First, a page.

“Even in periods of ferocious partisanship and bitter divisions, human trafficking has been one of the few issues on which there has been near universal agreement, without regard to party or ideology. Presidents and members of Congress of both parties have, for many years, demonstrated leadership and shared an agenda for eradicating slavery. That fine tradition should be sustained,” Middleberg says.
Neither Tillerson nor Trump commented at today’s event about proposed cuts to trafficking program budgets. Tillerson actually touted one program that the Trump budget fails to fund.
“The Program to End Modern Slavery will increase funding for prosecution, protection and prevention efforts to reduce the occurrence of modern slavery wherever it is most prevalent,” Tillerson said. “The program will fund “transformational programs but also set about to raise commitments of $1.5 billion in support from other governments and private donors while developing the capacity of foreign governments and civil society to end modern slavery in their own countries.”
The countries in which FTS conducts field programs received a range of tier rankings in this year’s report. Haiti received an upgrade, while Congo was downgraded.
- Tier 2: India & Nepal. Tier 2 definition: Countries whose governments do not fully meet the Trafficking victim Protection Act minimum standards, but are making significant efforts to meet those standards
- Tier 2 Watch List: Haiti, Ghana, Senegal. Tier 2 Watch List definition: Countries whose governments do not fully meet the TVPA’s minimum standards, but are making significant efforts to meet those standards AND: a) The absolute number of victims of severe forms of trafficking is very significant or is significantly increasing; b) There is a failure to provide evidence of increasing efforts to combat severe forms of trafficking in persons from the previous year, including increased investigations, prosecutions and convictions of trafficking crimes, increased assistance to victims, and decreasing evidence of complicity in severe forms of trafficking by government officials; or c) The determination that a country is making significant efforts to meet the minimum standards was based on commitments by the country to take additional future steps over the next year.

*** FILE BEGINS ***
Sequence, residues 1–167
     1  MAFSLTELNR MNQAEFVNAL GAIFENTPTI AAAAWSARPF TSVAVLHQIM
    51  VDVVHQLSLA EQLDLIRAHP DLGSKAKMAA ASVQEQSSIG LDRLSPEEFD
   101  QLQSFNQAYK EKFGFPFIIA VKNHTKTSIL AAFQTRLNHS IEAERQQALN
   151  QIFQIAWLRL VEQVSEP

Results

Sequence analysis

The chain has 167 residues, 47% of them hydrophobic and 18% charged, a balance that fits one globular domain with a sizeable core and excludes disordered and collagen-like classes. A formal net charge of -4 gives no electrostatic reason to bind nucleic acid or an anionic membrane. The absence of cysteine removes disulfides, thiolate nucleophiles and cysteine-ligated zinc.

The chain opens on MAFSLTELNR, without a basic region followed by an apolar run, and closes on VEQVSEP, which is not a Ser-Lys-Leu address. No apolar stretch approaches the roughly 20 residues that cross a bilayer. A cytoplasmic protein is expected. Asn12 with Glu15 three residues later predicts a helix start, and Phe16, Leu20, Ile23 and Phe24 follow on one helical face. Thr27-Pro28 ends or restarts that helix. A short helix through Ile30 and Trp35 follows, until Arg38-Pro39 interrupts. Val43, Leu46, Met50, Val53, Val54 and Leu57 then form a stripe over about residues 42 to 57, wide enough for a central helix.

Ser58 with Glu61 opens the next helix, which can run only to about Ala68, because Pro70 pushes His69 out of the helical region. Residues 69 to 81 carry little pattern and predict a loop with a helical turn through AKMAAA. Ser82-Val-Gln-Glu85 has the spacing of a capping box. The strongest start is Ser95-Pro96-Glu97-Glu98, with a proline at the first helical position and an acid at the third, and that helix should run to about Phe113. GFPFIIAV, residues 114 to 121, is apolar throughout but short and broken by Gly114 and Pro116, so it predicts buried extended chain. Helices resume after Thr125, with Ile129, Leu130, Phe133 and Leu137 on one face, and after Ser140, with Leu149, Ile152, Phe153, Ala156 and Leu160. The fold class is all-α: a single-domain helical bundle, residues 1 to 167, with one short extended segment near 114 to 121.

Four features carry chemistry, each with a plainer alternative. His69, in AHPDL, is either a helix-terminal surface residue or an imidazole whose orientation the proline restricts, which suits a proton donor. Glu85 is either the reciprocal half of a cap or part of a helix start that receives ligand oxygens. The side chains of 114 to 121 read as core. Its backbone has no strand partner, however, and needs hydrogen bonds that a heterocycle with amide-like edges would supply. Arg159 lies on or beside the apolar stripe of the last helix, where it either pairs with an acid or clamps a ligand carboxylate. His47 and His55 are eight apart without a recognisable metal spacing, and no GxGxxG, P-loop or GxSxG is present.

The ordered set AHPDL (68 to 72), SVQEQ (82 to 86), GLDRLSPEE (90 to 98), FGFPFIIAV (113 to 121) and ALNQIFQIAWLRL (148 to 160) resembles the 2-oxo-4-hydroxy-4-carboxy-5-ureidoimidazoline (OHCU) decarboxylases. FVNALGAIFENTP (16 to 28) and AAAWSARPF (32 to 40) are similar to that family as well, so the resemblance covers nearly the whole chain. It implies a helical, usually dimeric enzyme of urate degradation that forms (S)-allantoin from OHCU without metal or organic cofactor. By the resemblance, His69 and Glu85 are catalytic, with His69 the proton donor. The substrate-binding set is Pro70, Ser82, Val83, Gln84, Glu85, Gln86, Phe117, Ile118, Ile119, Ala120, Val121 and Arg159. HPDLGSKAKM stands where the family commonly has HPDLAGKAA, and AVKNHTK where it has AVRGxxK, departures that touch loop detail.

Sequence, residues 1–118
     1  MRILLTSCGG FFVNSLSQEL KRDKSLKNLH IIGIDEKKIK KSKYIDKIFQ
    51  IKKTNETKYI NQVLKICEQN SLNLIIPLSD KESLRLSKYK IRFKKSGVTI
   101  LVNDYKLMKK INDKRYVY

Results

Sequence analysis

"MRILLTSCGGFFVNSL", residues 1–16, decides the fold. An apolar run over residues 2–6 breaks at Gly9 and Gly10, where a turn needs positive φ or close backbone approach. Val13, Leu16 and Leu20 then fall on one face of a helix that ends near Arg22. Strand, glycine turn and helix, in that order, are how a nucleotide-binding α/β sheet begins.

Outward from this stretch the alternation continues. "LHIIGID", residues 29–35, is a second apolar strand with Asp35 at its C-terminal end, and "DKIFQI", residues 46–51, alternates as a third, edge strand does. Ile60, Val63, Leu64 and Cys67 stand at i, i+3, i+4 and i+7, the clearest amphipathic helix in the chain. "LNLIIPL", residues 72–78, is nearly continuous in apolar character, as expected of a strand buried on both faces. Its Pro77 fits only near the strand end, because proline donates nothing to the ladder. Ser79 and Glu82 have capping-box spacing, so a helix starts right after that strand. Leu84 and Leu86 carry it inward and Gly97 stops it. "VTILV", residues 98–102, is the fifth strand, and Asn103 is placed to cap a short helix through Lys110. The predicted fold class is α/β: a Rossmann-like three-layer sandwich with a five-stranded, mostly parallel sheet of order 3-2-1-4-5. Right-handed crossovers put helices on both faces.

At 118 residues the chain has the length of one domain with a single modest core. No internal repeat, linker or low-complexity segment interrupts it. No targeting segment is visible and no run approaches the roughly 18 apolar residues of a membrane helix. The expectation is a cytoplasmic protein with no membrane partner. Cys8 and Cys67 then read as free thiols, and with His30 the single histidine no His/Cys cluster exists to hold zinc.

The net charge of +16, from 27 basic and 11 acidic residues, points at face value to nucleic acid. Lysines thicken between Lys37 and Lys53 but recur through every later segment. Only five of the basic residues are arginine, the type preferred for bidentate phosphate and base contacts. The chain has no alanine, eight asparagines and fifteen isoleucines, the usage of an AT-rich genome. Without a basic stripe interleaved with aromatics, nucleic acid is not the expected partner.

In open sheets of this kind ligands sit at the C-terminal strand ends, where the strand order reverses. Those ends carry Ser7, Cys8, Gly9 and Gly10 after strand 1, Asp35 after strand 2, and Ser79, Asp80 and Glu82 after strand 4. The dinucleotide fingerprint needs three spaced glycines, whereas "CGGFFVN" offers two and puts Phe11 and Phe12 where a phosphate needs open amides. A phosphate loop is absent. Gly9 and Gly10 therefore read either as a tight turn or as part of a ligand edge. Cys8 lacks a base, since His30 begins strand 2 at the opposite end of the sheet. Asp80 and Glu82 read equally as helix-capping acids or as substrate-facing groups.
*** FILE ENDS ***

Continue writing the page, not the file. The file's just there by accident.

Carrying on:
- Tier 3: Congo. Tier 3 definitions: Countries whose governments do not fully meet the minimum standards and are not making significant efforts to do so.
A Free the Slaves Freedom Award winner and the head of a former FTS partner organization in Brazil, Leonardo Sakamoto, was honored this year as one of the TIP Heroes. His citation: “In recognition of his unwavering resolve to find and expose instances of forced labor, his commitment to raising awareness among vulnerable communities and within the private sector, and his vital role in ensuring progress in government efforts to prevent human trafficking in Brazil.” See Sakamoto’s team at work in our short documentary: Partners in Action.
Partners in Action Fight Slavery in Brazil from Free the Slaves on Vimeo.